But I'm far from convinced it can simply be scaled like that to produce human level intelligence & the danger is new work in the field could potentially make any such extrapolation appear silly tomorrow or that there already is work out there that does I've just not come across.

You need an expert in the area for that one.

You'll find other answers on size & intelligence in this question.

  • $\begingroup$ "How would their biology & diet differ? shorter lifespans, higher metabolism, faster heartrate & having to feed far more frequently" - make them brightly colored and adopt their mouth to be able to reach nectar in plants ... wait. $\endgroup$ Commented Sep 1, 2021 at 12:36
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    $\begingroup$ @JohnDvorak Plausible for a small animal that needs a regular high energy boost but somewhat breaks the OPs criteria that they should have an appearance mimicking humans (baring the wings, faeries have wings & the OP wants those) // you might get away with a tongue for it (rather than a long proboscis or beak) that doesn't break the overall aesthetic but then they won't be able to talk which the OP wants, & there are plenty of small animals that survive without nectar so the frame challenge there doesn't seem necessary // anyway, they've hands, can be tool users & get at it that way :) $\endgroup$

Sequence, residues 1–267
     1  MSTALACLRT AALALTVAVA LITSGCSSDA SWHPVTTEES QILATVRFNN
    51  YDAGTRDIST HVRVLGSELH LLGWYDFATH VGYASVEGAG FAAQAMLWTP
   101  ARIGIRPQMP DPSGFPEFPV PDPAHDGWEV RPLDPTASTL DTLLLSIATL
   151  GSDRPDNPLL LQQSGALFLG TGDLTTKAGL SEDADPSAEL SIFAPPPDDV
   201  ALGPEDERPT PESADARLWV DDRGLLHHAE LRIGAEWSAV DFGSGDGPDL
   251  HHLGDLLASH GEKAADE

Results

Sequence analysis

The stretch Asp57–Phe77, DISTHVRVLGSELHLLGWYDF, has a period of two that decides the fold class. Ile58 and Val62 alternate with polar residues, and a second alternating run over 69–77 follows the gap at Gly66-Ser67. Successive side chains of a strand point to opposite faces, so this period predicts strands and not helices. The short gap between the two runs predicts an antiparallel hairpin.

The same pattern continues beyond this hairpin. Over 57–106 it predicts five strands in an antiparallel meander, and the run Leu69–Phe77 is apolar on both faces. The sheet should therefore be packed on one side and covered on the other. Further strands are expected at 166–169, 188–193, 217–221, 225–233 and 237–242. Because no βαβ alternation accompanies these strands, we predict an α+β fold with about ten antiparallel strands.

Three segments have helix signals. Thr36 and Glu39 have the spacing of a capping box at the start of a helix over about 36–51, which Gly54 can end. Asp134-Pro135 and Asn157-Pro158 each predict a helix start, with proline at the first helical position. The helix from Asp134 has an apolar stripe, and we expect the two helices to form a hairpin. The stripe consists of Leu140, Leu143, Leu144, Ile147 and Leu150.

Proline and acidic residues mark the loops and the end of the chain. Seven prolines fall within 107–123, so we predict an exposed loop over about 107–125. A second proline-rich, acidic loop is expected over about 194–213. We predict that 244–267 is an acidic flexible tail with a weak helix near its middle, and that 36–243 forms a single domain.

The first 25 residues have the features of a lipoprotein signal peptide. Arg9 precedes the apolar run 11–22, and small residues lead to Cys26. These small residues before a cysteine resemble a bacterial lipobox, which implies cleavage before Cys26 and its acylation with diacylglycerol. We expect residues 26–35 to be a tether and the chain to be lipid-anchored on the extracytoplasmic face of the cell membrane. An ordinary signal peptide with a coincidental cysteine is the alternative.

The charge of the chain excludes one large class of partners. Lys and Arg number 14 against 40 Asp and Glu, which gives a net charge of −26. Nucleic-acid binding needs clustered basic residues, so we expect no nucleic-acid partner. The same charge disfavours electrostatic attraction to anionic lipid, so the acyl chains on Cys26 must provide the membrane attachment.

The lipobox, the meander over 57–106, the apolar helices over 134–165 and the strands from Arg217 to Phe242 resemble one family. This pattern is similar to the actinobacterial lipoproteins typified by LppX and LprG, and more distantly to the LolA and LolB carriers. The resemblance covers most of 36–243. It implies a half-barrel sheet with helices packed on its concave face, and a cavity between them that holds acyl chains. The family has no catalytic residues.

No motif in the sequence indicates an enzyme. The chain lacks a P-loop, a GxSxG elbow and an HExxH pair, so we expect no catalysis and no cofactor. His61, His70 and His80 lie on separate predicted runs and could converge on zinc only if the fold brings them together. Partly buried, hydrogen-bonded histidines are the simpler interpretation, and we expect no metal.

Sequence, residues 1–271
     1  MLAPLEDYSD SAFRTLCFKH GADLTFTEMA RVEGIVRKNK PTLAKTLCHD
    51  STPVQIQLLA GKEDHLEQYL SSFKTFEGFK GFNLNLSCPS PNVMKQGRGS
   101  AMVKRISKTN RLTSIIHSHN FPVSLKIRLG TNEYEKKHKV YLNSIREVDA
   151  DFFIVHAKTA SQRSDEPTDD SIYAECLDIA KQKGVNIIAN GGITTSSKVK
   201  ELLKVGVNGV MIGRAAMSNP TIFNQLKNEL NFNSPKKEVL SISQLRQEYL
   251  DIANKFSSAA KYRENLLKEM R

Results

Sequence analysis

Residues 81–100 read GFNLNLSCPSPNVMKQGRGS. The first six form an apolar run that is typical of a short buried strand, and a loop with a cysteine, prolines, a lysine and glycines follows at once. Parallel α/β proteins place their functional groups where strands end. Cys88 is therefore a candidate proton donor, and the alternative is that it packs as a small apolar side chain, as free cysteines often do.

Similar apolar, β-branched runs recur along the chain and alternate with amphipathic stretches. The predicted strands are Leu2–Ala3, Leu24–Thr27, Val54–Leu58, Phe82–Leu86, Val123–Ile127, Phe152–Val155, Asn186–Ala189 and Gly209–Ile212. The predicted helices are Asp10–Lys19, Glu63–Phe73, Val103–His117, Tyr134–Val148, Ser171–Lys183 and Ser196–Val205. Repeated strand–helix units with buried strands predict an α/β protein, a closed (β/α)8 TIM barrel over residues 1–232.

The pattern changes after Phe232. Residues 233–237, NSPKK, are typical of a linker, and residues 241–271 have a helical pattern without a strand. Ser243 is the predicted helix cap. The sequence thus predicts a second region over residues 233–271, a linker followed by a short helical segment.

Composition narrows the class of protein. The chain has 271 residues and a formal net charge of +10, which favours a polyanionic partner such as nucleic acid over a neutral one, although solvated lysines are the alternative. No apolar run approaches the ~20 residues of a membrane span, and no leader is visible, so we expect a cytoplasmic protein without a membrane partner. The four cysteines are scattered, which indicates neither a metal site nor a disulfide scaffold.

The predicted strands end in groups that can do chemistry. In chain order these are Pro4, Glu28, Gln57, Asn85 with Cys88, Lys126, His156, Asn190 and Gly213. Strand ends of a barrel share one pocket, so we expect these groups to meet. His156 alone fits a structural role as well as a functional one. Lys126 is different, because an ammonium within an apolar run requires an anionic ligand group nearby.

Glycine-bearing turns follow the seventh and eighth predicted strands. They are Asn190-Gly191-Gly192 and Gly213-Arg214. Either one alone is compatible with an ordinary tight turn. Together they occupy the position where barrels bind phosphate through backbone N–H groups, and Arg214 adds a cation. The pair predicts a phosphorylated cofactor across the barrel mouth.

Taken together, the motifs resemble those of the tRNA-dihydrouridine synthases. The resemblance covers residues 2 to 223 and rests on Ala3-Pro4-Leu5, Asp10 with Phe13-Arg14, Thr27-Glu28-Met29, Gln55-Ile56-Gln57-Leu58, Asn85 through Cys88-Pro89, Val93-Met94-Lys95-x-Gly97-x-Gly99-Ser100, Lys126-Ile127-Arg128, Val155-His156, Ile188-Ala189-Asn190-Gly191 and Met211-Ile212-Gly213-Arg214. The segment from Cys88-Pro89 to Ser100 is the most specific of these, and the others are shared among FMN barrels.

– Pelinore
    Commented Sep 1, 2021 at 13:25
  • $\begingroup$ To add on to the intelligence question, my first thought was that the smallest animals I'm aware of that display many human-like behaviors are birds like crows, ravens, and parrots. So I don't think it'd be too handwavy to give them nearly-human-level intelligence at that size. $\endgroup$ Commented Sep 2, 2021 at 16:19
  • $\begingroup$ @hobosullivan birds have a few tricks up their sleeve other than overall mass & complex topography (all those little folds & wrinkles) that we use, they've found ways to achieve greater neuron connectivity & have (on average) smaller neurons iirc (been a while since I read the articles), the only truly bright birds out there are among the larger ones though & only approach a two year old toddler at best. $\endgroup$
    – Pelinore
    Commented Sep 2, 2021 at 16:26
  • $\begingroup$ @hobosullivan ^ for something smaller than a crow, raven or parrot I wouldn't expect anything better than a two year old toddler even if they combine birds tricks with ours (I'd expect the extra benefit of that combining to be countered by the loss in size), down at the minimum size (the Etruscan shrew) you'd be lucky to do any better than an ordinary budgerigar even with all those tricks I think // but this is fantasy & someone else's story, the amount of handwaving they want is up to them :) $\endgroup$
    – Pelinore
    Commented Sep 2, 2021 at 16:42

A 4.6 g hummingbird has a wingspan of 117.5 (4.6 inches). For an average human female of 159.5 cm (5'2") tall and 53 kg (117 lb) to fly like one, it would need a wingspan of about 12.6 meters (41.4 feet), which is very impractical and wouldn't work. If it was much shorter, say 50 cm (1'7") tall and 1.6 kg (3.6 lb), it would still need a wingspan of 2.19 m (7.2 ft). If it were only 85 grams (3 oz) and 18.7 cm (7.4 in), then it would only need a wingspan of 50.5 cm (20 in).